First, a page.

Are these the 5 most famous photographs in history? You decide

Published on 30 June 2024 at 22:44

“Migrant Mother” (1936)

In March 1936, photographer Dorothea Lange captured what many consider to be the most recognizable photo from the Great Depression. The image, titled “Migrant Mother, Nipomo, California,” features a 32-year-old farmworker and mother of seven who was later identified as Florence Owens Thompson.

At the time, Lange was working for the Farm Security Administration, a federal agency meant to help farm workers who were displaced during the Dust Bowl.

Toward the end of Thompson’s life, people sent donations to her family to help cover the cost of the matriarch’s medical bills, and many wrote letters saying how much the image of Thompson inspired them. These gestures allowed the family to reconsider the legacy of the photograph, which they began to view with a sense of pride.

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“Raising the Flag on Iwo Jima” (1945)

Joe Rosenthal was a photographer for the Associated Press during World War II whose legacy was defined by the Pulitzer Prize-winning photo “Raising the Flag on Iwo Jima.” Rosenthal captured the iconic event on February 23, 1945, on the small Japanese island of Iwo Jima, roughly 750 miles south of Tokyo in the Pacific Ocean. The picture depicts six men triumphantly raising an American flag, and commemorates an important military victory — though there’s a good deal more to the story.

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“Guerrillero Heroico” (1960)

The photograph “Guerrillero Heroico” (“Heroic Guerrilla Fighter”) depicts Argentine revolutionary Che Guevara, whose likeness has grown into a symbol used by counterculture groups around the world. The original image was taken by photographer Alberto Korda on March 5, 1960, depicting Guevara gazing stoically off into the distance. While the image may seem posed, it was actually captured by a stroke of luck in a mere matter of seconds.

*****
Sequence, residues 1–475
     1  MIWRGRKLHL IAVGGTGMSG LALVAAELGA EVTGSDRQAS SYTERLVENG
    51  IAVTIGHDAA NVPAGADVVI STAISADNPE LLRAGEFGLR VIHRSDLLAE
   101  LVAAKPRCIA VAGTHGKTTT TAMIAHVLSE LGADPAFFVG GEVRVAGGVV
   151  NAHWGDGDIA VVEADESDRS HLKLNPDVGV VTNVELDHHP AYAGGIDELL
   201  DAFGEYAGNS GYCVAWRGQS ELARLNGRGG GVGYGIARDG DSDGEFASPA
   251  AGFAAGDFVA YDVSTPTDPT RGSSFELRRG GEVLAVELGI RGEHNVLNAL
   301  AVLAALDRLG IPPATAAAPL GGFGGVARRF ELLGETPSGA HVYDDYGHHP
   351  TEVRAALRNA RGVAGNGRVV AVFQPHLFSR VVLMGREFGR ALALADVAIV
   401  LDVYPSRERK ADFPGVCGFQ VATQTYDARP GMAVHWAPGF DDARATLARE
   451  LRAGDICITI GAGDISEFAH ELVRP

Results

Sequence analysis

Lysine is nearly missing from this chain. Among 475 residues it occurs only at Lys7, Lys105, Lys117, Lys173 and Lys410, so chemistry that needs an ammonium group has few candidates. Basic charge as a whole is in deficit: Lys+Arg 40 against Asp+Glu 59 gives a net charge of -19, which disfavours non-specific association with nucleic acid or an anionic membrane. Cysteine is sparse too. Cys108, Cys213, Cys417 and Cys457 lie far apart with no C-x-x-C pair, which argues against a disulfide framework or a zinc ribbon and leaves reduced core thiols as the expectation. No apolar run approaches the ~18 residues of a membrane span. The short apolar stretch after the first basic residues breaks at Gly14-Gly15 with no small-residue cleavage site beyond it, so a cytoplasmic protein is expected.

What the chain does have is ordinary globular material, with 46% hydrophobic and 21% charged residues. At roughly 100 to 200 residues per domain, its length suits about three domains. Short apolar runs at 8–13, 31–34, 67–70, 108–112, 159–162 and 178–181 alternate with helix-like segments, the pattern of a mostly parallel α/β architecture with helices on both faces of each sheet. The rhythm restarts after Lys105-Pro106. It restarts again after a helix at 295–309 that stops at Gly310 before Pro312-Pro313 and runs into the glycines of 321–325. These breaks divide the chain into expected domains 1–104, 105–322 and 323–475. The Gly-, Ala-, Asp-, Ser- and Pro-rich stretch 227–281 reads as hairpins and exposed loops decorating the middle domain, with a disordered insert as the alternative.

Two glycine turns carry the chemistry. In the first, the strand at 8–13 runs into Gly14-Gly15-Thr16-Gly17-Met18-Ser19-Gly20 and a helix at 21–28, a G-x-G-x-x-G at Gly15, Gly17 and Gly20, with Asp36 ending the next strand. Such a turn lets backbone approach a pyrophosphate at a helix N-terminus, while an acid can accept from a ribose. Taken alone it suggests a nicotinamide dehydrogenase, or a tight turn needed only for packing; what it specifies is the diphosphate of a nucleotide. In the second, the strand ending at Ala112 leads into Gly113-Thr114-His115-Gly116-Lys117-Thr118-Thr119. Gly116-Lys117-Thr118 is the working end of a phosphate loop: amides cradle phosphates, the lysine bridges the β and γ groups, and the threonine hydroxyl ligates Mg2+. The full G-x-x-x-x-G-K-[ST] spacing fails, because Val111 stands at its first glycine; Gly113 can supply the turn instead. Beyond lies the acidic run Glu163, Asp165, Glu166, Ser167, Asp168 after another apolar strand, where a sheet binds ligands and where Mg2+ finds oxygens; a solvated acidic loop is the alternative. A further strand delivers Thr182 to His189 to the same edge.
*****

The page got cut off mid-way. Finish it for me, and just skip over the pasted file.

While standing by the podium with his eyes focused on Castro, the photographer noticed that Guevara had emerged directly above him. He quickly grabbed his Leica camera and snapped two photos in rapid succession, before Guevara stepped back.

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“Elvis Meets Nixon” (1970)

In 1970, two of the most recognizable men in the world met face to face for the first time: Elvis Presley and Richard Nixon. The unlikely meeting took place on December 21, 1970, within the Oval Office, resulting in a now-legendary photo of the pair shaking hands. This image and others were taken by Nixon’s personal photographer, Oliver F. Atkins, who chronicled the impromptu and secret encounter that day.

The pair agreed that the meeting should be kept a secret, as neither side was sure how their supporters would react. It wasn’t until January 1972 that word of this strange event finally broke, though nothing practical ever really came of it.

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“Tank Man” (1989)

Associated Press photographer Jeff Widener spent the spring of 1989 in Beijing, China, covering the Tiananmen Square protests. On June 5, he captured an image that’s considered one of the most powerful acts of defiance in the face of authoritarian rule. His photo, titled “Tank Man,” shows an anonymous man in black pants and a white shirt standing in front of a line of tanks, refusing to let them continue patrolling the square.

On April 15, Hu Yaobang died. Hu had attempted to push the country toward democratization, an effort that resonated with many Chinese youth. The government was far less open to such reforms. After Hu’s death, around 100,000 students descended on Beijing’s Tiananmen Square to continue pushing for his reforms and to protest the corrupt Chinese Communist Party that remained in power.

A rally on May 19 drew 1.2 million people to the square. This led to a horrible massacre on June 4, when military forces opened fire on demonstrators and killed hundreds, or possibly thousands.

On June 5, an anonymous lone man stepped into the middle of Chang’an Avenue on the edge of Tiananmen Square while a line of tanks approached him. Widener captured the most recognizable single image of the scene, which shows the man standing in front of four tanks, preventing their forward progress. Other, more zoomed-out photos show the true enormity of the situation, as there were dozens more tanks all in a line heading directly toward this single protester.

After several tense moments, two mysterious men emerged and dragged the protester away. Today, nobody truly knows the identity of “Tank Man” or what happened to him.

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